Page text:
Phy-gital Roundtable: Breakfast Roundup from Germany and Netherlands

02 May '15 | Debjyoti Paul

German Shoppers: Meet Them in the Fast Lane to Phy-gital

15 January '15 | Ralf Reich

Shoppers Will Share Personal Information (But They Don’t Want to be “Friends”)

15 January '15 | Anil Venkat

Modernize or Perish: Property and Casualty Insurers and IT Solutions

14 January '15 | Manesh Rajendran

Benelux Reaches the Phy-gital Tipping Point: Omnichannel Readiness is Crucial

13 January '15 | Anil Gandharve

The New Omnichannel Dynamic: Finding Core Principles Across Industries

13 January '15 | Debjyoti Paul

Technology does not disrupt business – CIO day 2014 Roundup

02 December '14 | Anshuman Singh

Apple Pay – The Best Is Yet To Come

02 December '14 | Indy Sawhney

Digital transformation is a business transformation enabled by technology

01 December '14 | Amit Varma

3 Stages of FATCA Testing and Quality Assurance

06 October '14 | Raman Suprajarama

3 Reasons why Apple Pay could dominate the payments space

18 September '14 | Gaurav Johri

Beacon of Hope: Serving Growth and Customer Satisfaction

05 August '14 | Debjyoti Paul

The Dos and Don’ts of Emerging Technologies Like iBeacon

30 July '14 | Debjyoti Paul

What You Sold Us On – eCommerce Award Finalist Selections

17 July '14 | Anshuman Singh

3 Steps to Getting Started with Microsoft Azure Cloud Services

04 June '14 | Koushik Ramani

8 Steps to Building a Successful Self Service Portal

03 June '14 | Giridhar LV

Innovation outsourced – a myth or a mirage or a truth staring at us?

13 January '14 | Ramesh Hosahalli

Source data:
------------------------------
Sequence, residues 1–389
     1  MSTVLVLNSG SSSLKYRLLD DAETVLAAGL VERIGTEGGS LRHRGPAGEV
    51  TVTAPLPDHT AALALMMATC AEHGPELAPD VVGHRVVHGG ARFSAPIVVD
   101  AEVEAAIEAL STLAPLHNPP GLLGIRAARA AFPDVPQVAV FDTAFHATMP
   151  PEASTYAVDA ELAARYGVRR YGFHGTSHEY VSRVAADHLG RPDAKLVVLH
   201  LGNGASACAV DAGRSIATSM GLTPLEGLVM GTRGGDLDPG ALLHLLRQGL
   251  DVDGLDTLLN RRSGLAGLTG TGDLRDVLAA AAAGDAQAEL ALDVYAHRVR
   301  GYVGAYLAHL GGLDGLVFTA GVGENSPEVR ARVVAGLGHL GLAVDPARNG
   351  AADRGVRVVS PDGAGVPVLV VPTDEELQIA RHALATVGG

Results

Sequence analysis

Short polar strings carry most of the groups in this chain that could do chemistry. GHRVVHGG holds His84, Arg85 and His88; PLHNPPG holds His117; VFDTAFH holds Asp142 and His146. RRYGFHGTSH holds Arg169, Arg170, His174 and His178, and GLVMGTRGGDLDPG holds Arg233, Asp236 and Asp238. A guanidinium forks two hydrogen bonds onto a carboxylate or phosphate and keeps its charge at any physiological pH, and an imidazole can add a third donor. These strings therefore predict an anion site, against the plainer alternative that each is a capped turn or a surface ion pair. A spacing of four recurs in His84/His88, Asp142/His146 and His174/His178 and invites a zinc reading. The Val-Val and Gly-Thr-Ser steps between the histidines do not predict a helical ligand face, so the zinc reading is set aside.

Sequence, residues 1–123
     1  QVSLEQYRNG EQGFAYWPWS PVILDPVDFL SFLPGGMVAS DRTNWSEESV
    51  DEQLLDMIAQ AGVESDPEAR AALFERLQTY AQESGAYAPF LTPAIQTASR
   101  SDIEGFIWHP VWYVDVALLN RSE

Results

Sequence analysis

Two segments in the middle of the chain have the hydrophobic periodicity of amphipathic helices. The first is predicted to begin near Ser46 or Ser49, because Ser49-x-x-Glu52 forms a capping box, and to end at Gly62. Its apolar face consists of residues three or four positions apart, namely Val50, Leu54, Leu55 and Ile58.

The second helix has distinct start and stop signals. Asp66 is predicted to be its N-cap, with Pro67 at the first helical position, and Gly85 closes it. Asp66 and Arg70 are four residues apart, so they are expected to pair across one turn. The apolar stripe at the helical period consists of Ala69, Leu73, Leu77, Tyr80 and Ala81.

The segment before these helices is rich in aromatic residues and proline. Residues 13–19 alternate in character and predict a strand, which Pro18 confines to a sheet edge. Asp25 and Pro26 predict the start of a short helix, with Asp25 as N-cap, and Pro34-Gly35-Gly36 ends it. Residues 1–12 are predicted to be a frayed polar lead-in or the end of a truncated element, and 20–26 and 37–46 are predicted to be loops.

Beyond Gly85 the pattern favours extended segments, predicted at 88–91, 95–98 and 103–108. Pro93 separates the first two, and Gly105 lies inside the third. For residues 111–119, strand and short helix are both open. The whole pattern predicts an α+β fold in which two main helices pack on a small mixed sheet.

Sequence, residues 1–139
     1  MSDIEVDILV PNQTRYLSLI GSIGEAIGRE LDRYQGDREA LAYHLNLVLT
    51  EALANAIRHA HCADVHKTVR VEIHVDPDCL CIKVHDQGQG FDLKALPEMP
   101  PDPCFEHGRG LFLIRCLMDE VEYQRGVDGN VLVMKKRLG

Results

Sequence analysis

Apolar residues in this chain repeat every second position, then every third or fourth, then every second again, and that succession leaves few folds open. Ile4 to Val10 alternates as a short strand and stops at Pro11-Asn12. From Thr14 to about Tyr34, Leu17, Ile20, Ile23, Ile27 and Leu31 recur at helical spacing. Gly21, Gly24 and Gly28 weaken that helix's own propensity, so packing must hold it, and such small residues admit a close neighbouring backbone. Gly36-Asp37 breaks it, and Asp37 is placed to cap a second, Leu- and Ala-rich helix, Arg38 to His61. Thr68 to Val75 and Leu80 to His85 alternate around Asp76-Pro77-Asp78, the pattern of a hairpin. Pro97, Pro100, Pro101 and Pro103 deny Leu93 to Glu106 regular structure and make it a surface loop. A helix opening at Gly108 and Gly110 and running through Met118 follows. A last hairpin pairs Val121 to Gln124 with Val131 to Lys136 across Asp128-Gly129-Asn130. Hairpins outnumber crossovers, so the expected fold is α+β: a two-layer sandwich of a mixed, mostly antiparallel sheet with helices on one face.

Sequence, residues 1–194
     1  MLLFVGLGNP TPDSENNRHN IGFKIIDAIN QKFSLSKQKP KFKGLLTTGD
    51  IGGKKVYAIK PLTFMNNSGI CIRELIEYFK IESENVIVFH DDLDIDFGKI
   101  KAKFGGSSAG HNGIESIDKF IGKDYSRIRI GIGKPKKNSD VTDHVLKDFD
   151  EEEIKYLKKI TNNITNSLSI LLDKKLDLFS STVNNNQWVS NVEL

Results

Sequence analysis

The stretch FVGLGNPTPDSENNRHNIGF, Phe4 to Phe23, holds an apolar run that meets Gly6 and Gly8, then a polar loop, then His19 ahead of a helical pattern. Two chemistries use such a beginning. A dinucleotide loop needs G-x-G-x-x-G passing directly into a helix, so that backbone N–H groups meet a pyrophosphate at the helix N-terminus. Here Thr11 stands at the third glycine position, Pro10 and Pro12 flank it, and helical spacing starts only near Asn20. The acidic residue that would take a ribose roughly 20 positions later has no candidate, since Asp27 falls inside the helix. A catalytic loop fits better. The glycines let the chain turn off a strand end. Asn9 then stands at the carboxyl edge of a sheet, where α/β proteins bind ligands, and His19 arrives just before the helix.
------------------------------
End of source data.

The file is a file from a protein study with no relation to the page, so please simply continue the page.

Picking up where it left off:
What does a mobile user want?

03 January '14 | Gopikrishna Aravindan

Defining the correct scope of testing transformation

Posted on: 22 August '13

Traditionally, testing transformation initiatives have focused on the software testing phases of the project, emphasizing the right input criteria, outlining the right collaboration and reporting tools, and establishing a solid change management and sign off criteria.

However, testing transformation must focus on one end goal – delivery quality. That implies that traditional transformation approaches fall short by focusing on testing the software, and not addressing the overall organizational dynamics that must be addressed to meet the goal of delivery quality. Note that I did not use the word “high quality” but quality. That’s because quality goals are achieved by meeting the requirements.  The requirements define the thresholds and acceptance criteria. Anything below the threshold is quality not met. Using terms like high quality and low quality tend to soften the edge and reduce the attention that must be given to this problem.

Hence quality must be measured at all stages of the organizational process. The following diagram defines the correct scope of testing transformation:

Software Testing Process

Hence traditional testing transformation approaches miss the following:

  • Ensuring that the CIO portfolio is aligned to the business
  • Validating what is being tested as the goal
  • Ensuring that other stakeholders are working towards the same goal
  • Emphasizing zero defects stakeholder

The simplistic approach of Assess – Define – Implement – Refine leaves open several issues which must be interpreted at run time. The right approach starts with an assessment which defines the maturity by organizational units, application portfolios or business processes, and then defines the complexity of change as well to arrive at a roadmap.

To read more about the principles of testing transformation, please view our whitepaper on Guiding Principles and Dimensions of Testing Transformation.